Who knew still life could be so much fun? 

Kim and I have continued to work on still life studies and as you can tell we have really been having fun.  Below are are few of the pieces we have been working on,  along with our thoughts on each piece.

If you have never drawn from life and would like some tips on setting up a still life, there is a great article here on Craftsy.com.  Although there is nothing wrong with drawing from photos if you have never drawn from life before you might want to give it a try.  Setting up the still life, selecting what objects to include and lighting the still life in itself was a fun project. Oh, and if you are looking for an inexpensive way to light your still life, I found this really great clip on light at Lowes. It works really well and I now do not know how I ever lived without it. It certainly is better than having to drag around a giant floor lamp 🙂

If you missed our first still life post you can find it here.

Kim Rene' - Still Life II


Kim's Studio

Hello, Creative Ones!

My second still life! This time I selected a few things from around the house. An old book I bought at a flea market for collage, old bottles found while in the mountain, a brown jar purchased at a garage sale and a paper sack. I wanted a setting that had that “old world” feeling you get when viewing the work of many of the masters (Gone But Not Forgotten) we feature here on Elusive Muse.

To start I rearranged my setting several times. Looking for height and balance I stood back with a ruler in hand and held it out at arm’s-length – holding the ruler horizontally I started at the top and worked my way down. I wanted my items to be at different heights and equally spaced using the power of thirds. Once pleased with my setting I relocated my desk lamp – the light from the window did not give me the shadows and lighting (contrast) I desired for my piece.

I would not say this is one of best pieces, but not my worst. My proportions and angle are way off along with my sizes. I have decided being new and all to drawing still lifes that I will start with one item and work my way up.  So my next one was the bottle you see (photo from our still life collection on Flickr). Having only one item to focus on I was able to keep the portions and work more on my dark and lights – soft and hard edges. Both of my pieces were created using charcoal.

Thomas - Still Life Continued


Can you believe I actually remembered to take photos of my set up this time? I really enjoyed working on setting up my still life, moving the objects around and moving the lighting from side to side. In saying that I really had a hard time deciding what to put in my still life. At one point I had at least 10 different things scattered. Kim suggested that a good composition consisted of just 3 objects of different heights so I finally settled on the composition you see at the right.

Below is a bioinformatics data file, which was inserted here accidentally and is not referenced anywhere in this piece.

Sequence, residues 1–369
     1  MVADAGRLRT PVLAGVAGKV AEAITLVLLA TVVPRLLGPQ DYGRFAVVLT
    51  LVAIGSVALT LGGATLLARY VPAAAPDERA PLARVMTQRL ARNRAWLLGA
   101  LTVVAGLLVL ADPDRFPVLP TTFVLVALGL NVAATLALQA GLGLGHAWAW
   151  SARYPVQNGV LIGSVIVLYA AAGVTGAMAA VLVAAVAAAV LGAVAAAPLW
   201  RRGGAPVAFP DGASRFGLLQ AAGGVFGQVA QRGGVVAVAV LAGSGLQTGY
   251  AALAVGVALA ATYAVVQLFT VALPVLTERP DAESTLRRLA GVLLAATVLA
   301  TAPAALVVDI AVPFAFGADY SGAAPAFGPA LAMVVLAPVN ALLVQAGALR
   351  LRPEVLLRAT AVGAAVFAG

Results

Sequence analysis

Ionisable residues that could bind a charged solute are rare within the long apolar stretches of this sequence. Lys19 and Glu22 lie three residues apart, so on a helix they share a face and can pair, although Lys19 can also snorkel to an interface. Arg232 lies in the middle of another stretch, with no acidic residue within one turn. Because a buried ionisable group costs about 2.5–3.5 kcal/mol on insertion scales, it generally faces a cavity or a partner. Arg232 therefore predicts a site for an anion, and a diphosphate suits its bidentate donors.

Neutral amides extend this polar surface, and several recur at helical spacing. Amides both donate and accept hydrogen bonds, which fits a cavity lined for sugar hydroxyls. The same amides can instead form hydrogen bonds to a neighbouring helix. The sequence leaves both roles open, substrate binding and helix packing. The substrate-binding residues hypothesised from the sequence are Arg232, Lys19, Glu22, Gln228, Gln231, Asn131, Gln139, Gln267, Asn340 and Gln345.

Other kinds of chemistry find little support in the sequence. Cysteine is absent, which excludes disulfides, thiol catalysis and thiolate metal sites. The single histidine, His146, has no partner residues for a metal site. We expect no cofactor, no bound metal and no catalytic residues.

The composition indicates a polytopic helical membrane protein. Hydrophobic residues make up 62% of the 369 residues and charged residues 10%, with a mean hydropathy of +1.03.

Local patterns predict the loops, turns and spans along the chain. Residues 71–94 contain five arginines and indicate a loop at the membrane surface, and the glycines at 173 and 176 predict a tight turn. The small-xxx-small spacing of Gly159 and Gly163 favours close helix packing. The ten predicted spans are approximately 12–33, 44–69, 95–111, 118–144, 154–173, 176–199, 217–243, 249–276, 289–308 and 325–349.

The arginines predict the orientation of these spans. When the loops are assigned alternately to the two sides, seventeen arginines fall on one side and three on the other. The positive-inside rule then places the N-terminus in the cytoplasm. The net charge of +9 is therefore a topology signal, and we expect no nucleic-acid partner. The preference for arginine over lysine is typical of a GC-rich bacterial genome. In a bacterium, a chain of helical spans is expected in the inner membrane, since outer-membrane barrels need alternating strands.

I felt a bit more confident this time than the last and really enjoyed the process. When I finished I realized I had the birds head in the wrong place.  As you know seeing is half the battle.

Although my drawing is nothing epic –  I did learn a lot. I will say it looked a tad bit better than what you are seeing here in the photo before I scanned it.  I learned that ONE coating of spray fixative is not enough. When I put this on my scanner it smeared all over. It actually looked a tad bit better before the smearing. Note to self – next time use three coats of fixative and take a photo instead of scanning.

I know that many artists use charcoal in their mixed media art journals. I have no idea how they are able to avoid having it smear all over (other than maybe several coats of fixative.)

About 6 months ago I did a charcoal portrait in my journal and I was very pleased with it. Unfortunately, I didn’t use any fixative and it is now just an abstract blur that vaguely looks like a portrait.


OK, so maybe attempting a skull for my third still life drawing and limited experience with charcoal was just a tad bit ambitious – but at least I tried. 🙂

As they say, practice makes perfect. Maybe next time my skull will look more like a human and less like a being from another planet.

There are parts of the drawing I really like, though. I think there is a lot of contrast, something I was not able to accomplish previously.

I will say that I had a huge argument with the inner critic after completing this particular piece. The next day I decided I needed a break from drawing from life and charcoal and decided to do a sketch from a photograph in my journal. Although I am not super experienced in drawing either, I have way more experience drawing with a pencil and felt I needed a project that was more familiar. I guess this was my way of balancing the ‘OMG I suck, thoughts going on in my head.’

I picked this image of a paint tube from the Elusive Muse Flickr Gallery and went for it. I am pretty happy with the result.


I really loved working on this. I incorporated some pastel this time. Although I have used pastel in the past, this is still pretty new to me. I think maybe I am in love.

I feel like I am making progress and overall am pretty happy with this. I felt like my shading and highlights worked out really well and the objects look to have a lot of dimension. I can really see how working on these still life drawings will help me to develop skills I can then use later on in my portrait drawings (my real passion.)

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